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Drug development continues to be costly and slow, with medications failing due to lack of efficacy or presence of toxicity. The promise of pharmacogenomic discovery includes tailoring therapeutics based on an individual's genetic makeup, rational drug development, and repurposing medications. Rapid growth of large research cohorts, linked to electronic health record (EHR) data, fuels discovery of new genetic variants predicting drug action, supports Mendelian randomization experiments to show drug efficacy, and suggests new indications for existing medications. New biomedical informatics and machine-learning approaches advance the ability to interpret clinical information, enabling identification of complex phenotypes and subpopulations of patients. We review the recent history of use of "big data" from EHR-based cohorts and biobanks supporting these activities. Future studies using EHR data, other information sources, and new methods will promote a foundation for discovery to more rapidly advance precision medicine.
© 2017 American Society for Clinical Pharmacology and Therapeutics.
Tenascin-X (TN-X) is an extracellular matrix protein whose absence results in an alteration of the mechanical properties of connective tissue. To understand the mechanisms of integration of TN-X in the extracellular matrix, overlay blot assays were performed on skin extracts. A 100 kDa molecule interacting with TN-X was identified by this method and this interaction was abolished when the extract was digested by chondroitinase. By solid-phase assays, we showed that dermatan sulfate chains of decorin bind to the heparin-binding site included within the fibronectin-type III domains 10 and 11 of TN-X. We thus postulate that the association of TN-X with collagen fibrils is mediated by decorin and contributes to the integrity of the extracellular network.
BACKGROUND - The extracellular matrix proteoglycans decorin and biglycan may have a pathogenic role in renal fibrosing disease via regulation of the activity of growth factors, such as transforming growth factor-beta, and effects on collagen type I fibrillogenesis. The expression of decorin and biglycan in human glomerular diseases characterized by mesangial sclerosis is unknown.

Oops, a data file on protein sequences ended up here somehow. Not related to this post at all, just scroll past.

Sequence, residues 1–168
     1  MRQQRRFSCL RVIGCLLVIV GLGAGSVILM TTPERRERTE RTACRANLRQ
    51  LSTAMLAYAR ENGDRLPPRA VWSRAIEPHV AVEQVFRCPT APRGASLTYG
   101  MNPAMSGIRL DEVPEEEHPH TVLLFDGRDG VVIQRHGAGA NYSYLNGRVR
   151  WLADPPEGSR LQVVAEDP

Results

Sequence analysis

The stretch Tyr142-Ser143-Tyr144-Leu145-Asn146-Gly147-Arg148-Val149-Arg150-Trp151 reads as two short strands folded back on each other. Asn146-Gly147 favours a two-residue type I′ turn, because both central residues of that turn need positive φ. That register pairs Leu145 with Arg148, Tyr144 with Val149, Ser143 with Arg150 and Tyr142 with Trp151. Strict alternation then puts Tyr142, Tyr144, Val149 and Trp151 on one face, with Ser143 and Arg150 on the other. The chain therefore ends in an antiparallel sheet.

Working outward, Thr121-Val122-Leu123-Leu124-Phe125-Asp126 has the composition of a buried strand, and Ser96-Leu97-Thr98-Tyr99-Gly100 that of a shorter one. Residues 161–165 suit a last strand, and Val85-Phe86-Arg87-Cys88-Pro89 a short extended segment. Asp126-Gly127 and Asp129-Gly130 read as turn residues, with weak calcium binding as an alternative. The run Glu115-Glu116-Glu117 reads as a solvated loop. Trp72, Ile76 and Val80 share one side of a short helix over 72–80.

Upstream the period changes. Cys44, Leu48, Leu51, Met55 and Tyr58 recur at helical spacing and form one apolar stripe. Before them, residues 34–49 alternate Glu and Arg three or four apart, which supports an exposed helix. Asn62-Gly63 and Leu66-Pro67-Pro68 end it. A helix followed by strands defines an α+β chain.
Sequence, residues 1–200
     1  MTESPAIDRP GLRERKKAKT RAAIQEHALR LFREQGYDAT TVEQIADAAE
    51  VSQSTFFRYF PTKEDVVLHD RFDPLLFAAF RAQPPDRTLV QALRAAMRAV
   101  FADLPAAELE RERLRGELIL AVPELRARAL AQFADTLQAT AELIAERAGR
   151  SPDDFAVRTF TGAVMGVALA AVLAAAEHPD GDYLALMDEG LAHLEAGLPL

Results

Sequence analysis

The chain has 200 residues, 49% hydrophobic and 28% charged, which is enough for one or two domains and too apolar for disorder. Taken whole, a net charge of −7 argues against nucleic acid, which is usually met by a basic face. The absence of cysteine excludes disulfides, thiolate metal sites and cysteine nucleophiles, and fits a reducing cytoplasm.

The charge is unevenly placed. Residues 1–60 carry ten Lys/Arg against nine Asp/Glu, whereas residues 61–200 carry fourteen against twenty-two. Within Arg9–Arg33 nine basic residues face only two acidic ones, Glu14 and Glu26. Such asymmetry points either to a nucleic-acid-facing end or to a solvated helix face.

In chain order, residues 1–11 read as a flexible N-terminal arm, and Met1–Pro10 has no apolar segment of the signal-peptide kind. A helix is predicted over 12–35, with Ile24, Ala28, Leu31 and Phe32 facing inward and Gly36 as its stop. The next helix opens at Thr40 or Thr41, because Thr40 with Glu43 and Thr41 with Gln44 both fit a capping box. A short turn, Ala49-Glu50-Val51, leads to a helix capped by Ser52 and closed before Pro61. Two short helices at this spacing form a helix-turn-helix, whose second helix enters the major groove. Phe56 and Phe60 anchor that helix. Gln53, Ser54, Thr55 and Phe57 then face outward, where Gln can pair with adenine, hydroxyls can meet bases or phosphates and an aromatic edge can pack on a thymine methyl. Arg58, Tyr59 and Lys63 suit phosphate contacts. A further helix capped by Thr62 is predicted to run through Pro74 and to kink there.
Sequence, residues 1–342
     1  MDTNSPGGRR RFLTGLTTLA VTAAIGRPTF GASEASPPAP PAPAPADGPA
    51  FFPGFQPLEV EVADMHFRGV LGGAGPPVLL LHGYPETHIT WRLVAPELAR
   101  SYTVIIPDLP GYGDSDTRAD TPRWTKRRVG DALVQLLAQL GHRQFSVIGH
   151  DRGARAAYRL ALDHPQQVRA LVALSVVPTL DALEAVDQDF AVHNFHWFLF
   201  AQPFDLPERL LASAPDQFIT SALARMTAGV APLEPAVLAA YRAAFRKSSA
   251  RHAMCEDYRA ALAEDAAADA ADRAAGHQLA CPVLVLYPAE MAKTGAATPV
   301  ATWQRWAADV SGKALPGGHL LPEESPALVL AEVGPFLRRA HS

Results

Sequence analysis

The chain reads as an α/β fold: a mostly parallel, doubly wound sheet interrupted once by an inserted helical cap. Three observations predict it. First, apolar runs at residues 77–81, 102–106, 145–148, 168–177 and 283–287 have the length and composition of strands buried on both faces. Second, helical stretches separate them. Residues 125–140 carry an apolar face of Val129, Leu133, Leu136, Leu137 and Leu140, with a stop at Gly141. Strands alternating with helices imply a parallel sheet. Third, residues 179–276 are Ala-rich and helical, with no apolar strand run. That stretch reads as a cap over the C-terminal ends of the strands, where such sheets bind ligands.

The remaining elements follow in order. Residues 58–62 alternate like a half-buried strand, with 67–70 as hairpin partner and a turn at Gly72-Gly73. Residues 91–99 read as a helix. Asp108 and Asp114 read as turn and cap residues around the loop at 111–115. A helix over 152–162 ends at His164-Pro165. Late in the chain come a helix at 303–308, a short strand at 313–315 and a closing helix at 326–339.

METHODS - Decorin, biglycan, and collagen type I were localized immunohistochemically in human renal biopsy cases of amyloidosis (N = 18), diabetic nephropathy (N = 11), fibrillary glomerulonephritis (N = 5), immunotactoid glomerulopathy (N = 5), light-chain deposition disease (N = 4), idiopathic mesangial sclerosis (N = 4), and nephrosclerosis (N = 6), and in morphologically normal tissues obtained from tumor nephrectomies (N = 8). Decorin and biglycan mRNA synthesis was evaluated by in situ hybridization.
RESULTS - Decorin and biglycan protein were not identified in normal glomeruli. Decorin accumulated in amyloid deposits, but not in deposits of fibrillary glomerulonephritis or immunotactoid glomerulopathy. Biglycan weakly accumulated in amyloid deposits, and both decorin and biglycan weakly stained mesangial nodules in cases of morphologically advanced light-chain deposition disease and diabetic nephropathy. In all analyzed cases, irrespective of the underlying disease, decorin and biglycan accumulated in glomeruli in areas of fibrous organization of the urinary space and in areas of tubulointerstitial fibrosis. Biglycan, but not decorin, accumulated in the neointima of arteriosclerotic blood vessels. Decorin and biglycan mRNA synthesis was detected at sites of proteoglycan accumulation in glomeruli, interstitium, and neointima. Collagen type I colocalized with decorin and biglycan deposits.
CONCLUSIONS - Differences in extracellular matrix proteoglycan composition may be diagnostically useful in distinguishing morphologically similar diseases. Distinct patterns of proteoglycan expression may be related to modulation of specific growth factor activity in different glomerular diseases.